Although steelhead season is rapidly headed toward peak season, catches have remained fair-at-best in the Sandy and Clackamas Rivers. Fluctuating flows due to the freezing level haven’t helped much either, but anglers have been waiting for February to come, and with it, more consistent catches of winter steelhead.
Both the Sandy and Clackamas are kicking out fish, but better catches are expected to start by early February. With later returning wild broodstock now making up the bulk of the hatchery returns, fish more naturally mimic the later returning wild strain so action will stay good into March.
Sandy River water and air temperatures have remained frigid with the bitter east wind, so anglers are encouraged to wait until late morning before fish become more active. Anglers are still finding bobber dogging with eggs and single beads to be effective, but plugs are coming on as well as flows drop and migration slows. Steelhead, particularly larger fish, become more territorial when river levels drop. Pro guide Jeff Stoeger reports, “Well, this week we saw a lot of wind on the Sandy River with wind gusts as high as 30mph. The river was ideal for most of the week ,with the river running at 10.6 feet and with the cold and dry weather the river is currently running at 9.33 ft and could drop below 9 ft with the winds dropping back to single digest figures. Here are a few numbers from Cedar Creek hatchery of fish that have returned to the hatchery as of 1/22/19. Hatchery winters steelhead collected this week was 80 and total of 107. Hatchery winters steelhead recycled 38 and total of 58 released at Lewis & Clark park. The recycled fish will have a right gill plate hole punch.”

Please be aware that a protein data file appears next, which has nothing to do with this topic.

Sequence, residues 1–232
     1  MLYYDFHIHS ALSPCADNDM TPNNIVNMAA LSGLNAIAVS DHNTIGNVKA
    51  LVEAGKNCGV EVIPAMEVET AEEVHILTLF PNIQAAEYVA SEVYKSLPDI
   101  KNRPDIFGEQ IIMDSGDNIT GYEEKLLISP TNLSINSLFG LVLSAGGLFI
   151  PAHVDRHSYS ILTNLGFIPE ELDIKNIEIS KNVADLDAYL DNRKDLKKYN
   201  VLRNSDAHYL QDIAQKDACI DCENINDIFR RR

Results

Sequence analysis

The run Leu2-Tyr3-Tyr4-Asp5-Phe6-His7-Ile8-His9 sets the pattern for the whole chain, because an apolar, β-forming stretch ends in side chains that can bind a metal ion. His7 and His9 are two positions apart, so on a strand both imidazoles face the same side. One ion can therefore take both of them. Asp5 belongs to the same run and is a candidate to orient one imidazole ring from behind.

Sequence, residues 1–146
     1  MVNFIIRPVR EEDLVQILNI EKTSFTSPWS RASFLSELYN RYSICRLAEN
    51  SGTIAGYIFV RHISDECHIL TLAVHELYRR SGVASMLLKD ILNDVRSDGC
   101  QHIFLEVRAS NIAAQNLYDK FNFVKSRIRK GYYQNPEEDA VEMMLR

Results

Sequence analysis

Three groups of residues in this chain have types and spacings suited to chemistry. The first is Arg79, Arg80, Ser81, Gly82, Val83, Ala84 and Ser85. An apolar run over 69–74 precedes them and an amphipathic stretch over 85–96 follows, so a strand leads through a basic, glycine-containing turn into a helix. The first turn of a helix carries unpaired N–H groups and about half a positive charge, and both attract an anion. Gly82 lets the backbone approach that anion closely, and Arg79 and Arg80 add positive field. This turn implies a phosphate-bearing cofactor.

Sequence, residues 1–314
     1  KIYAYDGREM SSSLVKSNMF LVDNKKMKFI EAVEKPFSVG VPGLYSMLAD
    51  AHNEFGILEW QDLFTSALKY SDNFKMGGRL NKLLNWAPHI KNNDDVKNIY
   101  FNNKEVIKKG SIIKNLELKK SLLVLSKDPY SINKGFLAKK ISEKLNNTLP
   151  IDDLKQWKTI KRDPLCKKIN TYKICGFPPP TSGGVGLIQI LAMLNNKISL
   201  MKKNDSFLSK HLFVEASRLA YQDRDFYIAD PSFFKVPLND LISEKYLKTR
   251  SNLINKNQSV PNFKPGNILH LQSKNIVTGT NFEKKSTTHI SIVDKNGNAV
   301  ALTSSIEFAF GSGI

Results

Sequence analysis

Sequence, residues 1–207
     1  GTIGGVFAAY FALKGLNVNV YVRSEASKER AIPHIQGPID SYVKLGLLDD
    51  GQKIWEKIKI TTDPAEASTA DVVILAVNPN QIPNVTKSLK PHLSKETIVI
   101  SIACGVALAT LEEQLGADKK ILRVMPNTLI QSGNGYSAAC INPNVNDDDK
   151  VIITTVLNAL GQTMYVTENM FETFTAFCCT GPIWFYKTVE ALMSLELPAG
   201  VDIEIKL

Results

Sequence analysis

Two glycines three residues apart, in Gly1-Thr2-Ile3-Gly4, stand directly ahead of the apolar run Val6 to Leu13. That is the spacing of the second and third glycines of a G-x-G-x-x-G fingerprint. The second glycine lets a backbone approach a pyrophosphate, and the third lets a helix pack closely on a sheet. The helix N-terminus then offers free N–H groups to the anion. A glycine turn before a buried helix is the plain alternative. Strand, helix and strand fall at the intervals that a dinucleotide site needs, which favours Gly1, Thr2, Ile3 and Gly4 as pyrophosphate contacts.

With permission from The Guide’s Forecast, we will be providing the Oregon Fishing Reports for the Sandy River watershed. You can see more of Jeff’s report and an upcoming forecast for the Sandy River and Northwest Oregon by reading the Oregon Fishing Reports found at The Guides’ Forecast.